Influence[edit]

Gurmukhi script[edit]

Gurmukhi script (partial)

Guru Angad is credited in the Sikh tradition with the Gurmukhi script, which is now the standard writing script for Punjabi language in India,[18] in contrast to Punjabi language in Pakistan where now an Arabic script called Nastaliq is the standard.[19] The original Sikh scriptures and most of the historic Sikh literature have been written in the Gurmukhi script.[18]

Guru Angad's script modified the pre-existing Indo-European scripts in northern parts of the Indian subcontinent.[20] The script may have already been developing before the time of Guru Angad, because there is evidence that at least one hymn was written in acrostic form by Guru Nanak, which state Cole and Sambhi gives proof that the alphabet already existed.[21]

Guru Angad started the tradition of Mall banara, where physical as well as spiritual exercises were held.[citation needed] He also wrote 62 or 63 Saloks (compositions), which together constitute about one percent of the Guru Granth Sahib, the primary scripture of Sikhism.[22]

Langar and community work[edit]

Guru Angad is notable for systematizing the institution of langar in all Sikh temple premises, where visitors from near and far, could get a free simple meal in a communal seating.[2][23] He also set rules and training method for volunteers (sevadars) who operated the kitchen, placing emphasis on treating it as a place of rest and refuge, being always polite and hospitable to all visitors.[2]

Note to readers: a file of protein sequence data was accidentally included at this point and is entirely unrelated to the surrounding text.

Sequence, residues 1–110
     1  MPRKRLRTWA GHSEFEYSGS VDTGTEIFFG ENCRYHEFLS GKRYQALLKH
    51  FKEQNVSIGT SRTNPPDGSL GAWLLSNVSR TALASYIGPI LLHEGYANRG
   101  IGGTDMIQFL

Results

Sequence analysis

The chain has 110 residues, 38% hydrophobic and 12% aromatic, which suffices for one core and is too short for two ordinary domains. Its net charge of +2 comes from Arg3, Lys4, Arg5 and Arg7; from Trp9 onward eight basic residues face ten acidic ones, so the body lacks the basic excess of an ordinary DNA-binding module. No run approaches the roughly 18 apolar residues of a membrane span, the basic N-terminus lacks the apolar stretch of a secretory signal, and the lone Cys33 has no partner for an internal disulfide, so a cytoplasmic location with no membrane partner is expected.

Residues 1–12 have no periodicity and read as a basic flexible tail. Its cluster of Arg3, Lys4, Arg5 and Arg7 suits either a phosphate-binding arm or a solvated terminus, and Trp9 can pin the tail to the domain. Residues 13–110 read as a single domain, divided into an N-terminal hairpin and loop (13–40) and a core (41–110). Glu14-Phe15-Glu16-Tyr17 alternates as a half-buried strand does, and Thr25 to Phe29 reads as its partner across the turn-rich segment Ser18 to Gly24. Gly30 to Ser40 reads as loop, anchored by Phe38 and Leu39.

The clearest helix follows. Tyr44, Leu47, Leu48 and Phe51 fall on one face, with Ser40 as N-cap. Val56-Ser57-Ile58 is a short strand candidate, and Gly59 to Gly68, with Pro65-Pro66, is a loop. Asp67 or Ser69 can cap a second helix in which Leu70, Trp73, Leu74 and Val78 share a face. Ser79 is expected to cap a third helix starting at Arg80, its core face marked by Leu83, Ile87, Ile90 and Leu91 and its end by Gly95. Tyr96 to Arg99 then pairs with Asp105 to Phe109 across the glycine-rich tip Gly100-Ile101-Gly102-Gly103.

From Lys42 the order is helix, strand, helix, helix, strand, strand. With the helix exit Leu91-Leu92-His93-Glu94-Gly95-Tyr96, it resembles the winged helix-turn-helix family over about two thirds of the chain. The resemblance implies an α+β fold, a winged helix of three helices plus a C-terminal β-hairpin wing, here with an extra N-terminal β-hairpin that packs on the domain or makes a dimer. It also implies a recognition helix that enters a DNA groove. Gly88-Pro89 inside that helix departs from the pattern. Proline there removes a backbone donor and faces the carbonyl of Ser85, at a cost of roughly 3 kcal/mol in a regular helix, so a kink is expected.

Guru Angad visited other places and centres established by Guru Nanak for the preaching of Sikhism. He established new centres and thus strengthened its base.[2]

See also[edit]

References[edit]

  1. ^ a b c d e f g McLeod, W.H. "Guru Angad". Encyclopaedia of Sikhism. Punjabi University Punjabi. Retrieved 30 September 2015. 
  2. ^ a b c d e f Arvind-Pal Singh Mandair (2013). Sikhism: A Guide for the Perplexed. Bloomsbury Academic. pp. 35–37. ISBN 978-1-4411-0231-7. 
  3. ^ a b c d Louis E. Fenech; W. H. McLeod (2014). Historical Dictionary of Sikhism. Rowman & Littlefield Publishers. p. 36. ISBN 978-1-4422-3601-1. 
  4. ^ a b c d e William Owen Cole; Piara Singh Sambhi (1995). The Sikhs: Their Religious Beliefs and Practices. Sussex Academic Press. pp. 18–20. ISBN 978-1-898723-13-4. 
  5. ^ Clarke, Peter B.; Beyer, Peter (2009). The World's Religions: Continuities and Transformations. Abingdon: Routledge. p. 565. ISBN 9781135210991. 
  6. ^ Shackle, Christopher; Mandair, Arvind-Pal Singh (2005). Teachings of the Sikh Gurus: Selections from the Sikh Scriptures. United Kingdom: Routledge. xiii–xiv. ISBN 0-415-26604-1. 
  7. ^ a b c Kushwant Singh. "Amar Das, Guru (1479–1574)". Encyclopaedia of Sikhism. Punjab University Patiala. Retrieved 10 December 2016. 
  8. ^ a b William Owen Cole; Piara Singh Sambhi (1995). The Sikhs: Their Religious Beliefs and Practices. Sussex Academic Press. pp. 20–21. ISBN 978-1-898723-13-4.